GB679559A (en) * 1948-10-26 1952-09-17 British Thomson Houston Co Ltd Improvements in and relating to methods of decreasing the adhesion of ice to various surfaces
US2625378A (en) * 1950-03-25 1953-01-13 Gen Electric Heat transfer assembly
US2683113A (en) * 1951-01-16 1954-07-06 Gen Motors Corp Method of finishing ice trays
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Cited By (25)

* Cited by examiner, † Cited by third party
Publication number Priority date Publication date Assignee Title
US3402561A (en) * 1967-03-21 1968-09-24 Hoke Inc Refrigerating apparatus
US3525648A (en) * 1968-01-12 1970-08-25 Univ California Thermoelectric heat flow responsive device
US3833428A (en) * 1969-09-25 1974-09-03 Isotopes Inc Direct heat rejection path radioisotopic thermoelectric generator
US4136525A (en) * 1976-12-30 1979-01-30 International Business Machines Corporation Dielectic refrigerator using orientable defect dipoles
US4301658A (en) * 1979-12-11 1981-11-24 Koolatron Industries, Ltd. Control circuitry for thermoelectric cooler
US4297850A (en) * 1979-12-26 1981-11-03 Koolatron Industries, Inc. Wall mounted thermoelectric refrigerator
US4364234A (en) * 1981-03-25 1982-12-21 Koolatron Industries, Ltd. Control circuitry for thermoelectric environmental chamber
FR2526228A1 (en) * 1982-04-28 1983-11-04 Energy Conversion Devices Inc Thermoelectric apparatus perfects and method of manufacturing thereof
US4738113A (en) * 1985-10-18 1988-04-19 The Cola-Cola Company Combination cooler and freezer for refrigerating containers and food in outer space
US5031689A (en) * 1990-07-31 1991-07-16 The United States Of America As Represented By The Administrator Of The National Aeronautics And Space Administration Flexible thermal apparatus for mounting of thermoelectric cooler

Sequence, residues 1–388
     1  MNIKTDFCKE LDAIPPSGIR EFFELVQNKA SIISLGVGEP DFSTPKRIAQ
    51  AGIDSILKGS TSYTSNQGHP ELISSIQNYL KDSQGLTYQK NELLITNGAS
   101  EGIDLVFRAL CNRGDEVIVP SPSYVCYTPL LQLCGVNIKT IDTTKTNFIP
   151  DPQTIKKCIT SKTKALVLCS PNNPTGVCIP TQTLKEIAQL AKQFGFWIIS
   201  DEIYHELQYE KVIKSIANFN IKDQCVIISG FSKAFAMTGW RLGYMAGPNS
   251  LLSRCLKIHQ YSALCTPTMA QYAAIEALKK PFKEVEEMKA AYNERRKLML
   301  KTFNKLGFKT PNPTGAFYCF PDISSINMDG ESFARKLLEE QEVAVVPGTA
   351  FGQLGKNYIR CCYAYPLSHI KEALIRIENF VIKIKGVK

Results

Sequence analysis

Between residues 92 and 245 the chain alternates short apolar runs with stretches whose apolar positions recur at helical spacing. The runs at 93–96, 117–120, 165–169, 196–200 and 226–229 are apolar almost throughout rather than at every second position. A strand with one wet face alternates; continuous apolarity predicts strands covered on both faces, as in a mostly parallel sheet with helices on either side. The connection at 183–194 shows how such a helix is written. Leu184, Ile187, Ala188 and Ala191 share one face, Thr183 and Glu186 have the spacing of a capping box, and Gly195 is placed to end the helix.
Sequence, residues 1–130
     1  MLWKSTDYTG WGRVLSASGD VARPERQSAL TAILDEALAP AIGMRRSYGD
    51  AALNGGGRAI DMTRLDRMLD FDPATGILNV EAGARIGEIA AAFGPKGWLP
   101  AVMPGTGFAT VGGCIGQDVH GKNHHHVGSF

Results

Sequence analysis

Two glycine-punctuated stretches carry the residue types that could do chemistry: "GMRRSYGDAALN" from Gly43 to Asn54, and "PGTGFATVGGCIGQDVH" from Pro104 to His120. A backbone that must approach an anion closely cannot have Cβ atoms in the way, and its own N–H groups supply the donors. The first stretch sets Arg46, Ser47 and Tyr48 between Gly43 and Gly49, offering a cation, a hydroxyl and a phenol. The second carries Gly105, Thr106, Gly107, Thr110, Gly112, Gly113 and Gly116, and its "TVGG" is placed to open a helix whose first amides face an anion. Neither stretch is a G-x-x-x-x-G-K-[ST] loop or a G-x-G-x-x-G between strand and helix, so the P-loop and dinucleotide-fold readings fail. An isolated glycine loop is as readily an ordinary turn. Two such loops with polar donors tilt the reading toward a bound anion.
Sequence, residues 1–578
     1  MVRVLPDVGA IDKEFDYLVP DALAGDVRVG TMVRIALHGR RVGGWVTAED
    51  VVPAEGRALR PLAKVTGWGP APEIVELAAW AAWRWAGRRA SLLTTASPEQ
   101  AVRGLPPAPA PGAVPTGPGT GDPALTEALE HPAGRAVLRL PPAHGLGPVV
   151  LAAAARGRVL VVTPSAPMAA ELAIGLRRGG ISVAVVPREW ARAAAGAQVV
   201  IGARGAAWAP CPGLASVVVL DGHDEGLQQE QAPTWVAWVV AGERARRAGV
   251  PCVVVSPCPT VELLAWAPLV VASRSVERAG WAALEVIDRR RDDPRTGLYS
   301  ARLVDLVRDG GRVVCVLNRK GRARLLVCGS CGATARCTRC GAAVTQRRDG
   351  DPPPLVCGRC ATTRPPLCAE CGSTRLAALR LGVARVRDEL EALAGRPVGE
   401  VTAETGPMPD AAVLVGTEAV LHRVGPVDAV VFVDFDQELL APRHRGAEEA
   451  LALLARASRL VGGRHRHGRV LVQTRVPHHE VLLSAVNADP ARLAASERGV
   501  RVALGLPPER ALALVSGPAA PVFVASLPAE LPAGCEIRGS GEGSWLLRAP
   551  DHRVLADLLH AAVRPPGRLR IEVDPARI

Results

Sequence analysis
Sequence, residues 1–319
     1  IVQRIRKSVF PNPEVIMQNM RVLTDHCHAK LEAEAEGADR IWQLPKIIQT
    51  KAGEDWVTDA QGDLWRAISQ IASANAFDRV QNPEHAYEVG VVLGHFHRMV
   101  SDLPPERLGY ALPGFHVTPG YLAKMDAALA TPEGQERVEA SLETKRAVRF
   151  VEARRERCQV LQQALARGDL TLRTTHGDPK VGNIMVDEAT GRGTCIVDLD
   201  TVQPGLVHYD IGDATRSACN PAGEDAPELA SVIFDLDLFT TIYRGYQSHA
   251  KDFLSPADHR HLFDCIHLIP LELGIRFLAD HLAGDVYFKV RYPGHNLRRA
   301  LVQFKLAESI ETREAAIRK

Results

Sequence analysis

EP0495997A1 (en) * 1990-08-09 1992-07-29 Sumitomo Electric Industries, Ltd. Thermocouple
EP0495997A4 (en) * 1990-08-09 1993-07-14 Sumitomo Electric Industries, Ltd. Thermocouple
US5747727A (en) * 1990-08-09 1998-05-05 Sumitomo Electric Industries, Ltd. Method of making a thermocouple
US5498296A (en) * 1990-08-09 1996-03-12 Sumitomo Electric Industries, Ltd. Thermocouple
US6655158B1 (en) 2000-08-11 2003-12-02 General Electric Company Systems and methods for boosting ice rate formation in a refrigerator
WO2002050490A1 (en) * 2000-12-19 2002-06-27 Checksix, Llc Interruptible thermal bridge system
WO2004051158A2 (en) * 2002-12-02 2004-06-17 Peltech S.R.L. Integrated thermoelectric module
WO2004051158A3 (en) * 2002-12-02 2004-07-22 Peltech Srl Integrated thermoelectric module
US6679073B1 (en) 2003-03-14 2004-01-20 General Electric Company Refrigerator and ice maker methods and apparatus
US20060163680A1 (en) * 2004-12-30 2006-07-27 Jingkuang Chen Micro-machined medical devices, methods of fabricating microdevices, and methods of medical diagnosis, imaging, stimulation, and treatment
US8454513B2 (en) * 2004-12-30 2013-06-04 Stc.Unm Micro-machined medical devices, methods of fabricating microdevices, and methods of medical diagnosis, imaging, stimulation, and treatment
US20090049844A1 (en) * 2005-12-15 2009-02-26 BSH Bosch und Siemens Hausgeräte GmbH Circuit Arrangement for a Peltier Module
US9593870B2 (en) 2012-12-03 2017-03-14 Whirlpool Corporation Refrigerator with thermoelectric device for ice making
US9714784B2 (en) 2012-12-03 2017-07-25 Whirlpool Corporation Refrigerator with icemaker chilled by thermoelectric device cooled by fresh food compartment air
US20170164675A1 (en) * 2015-12-14 2017-06-15 George Buchert Temperature-adjusting hat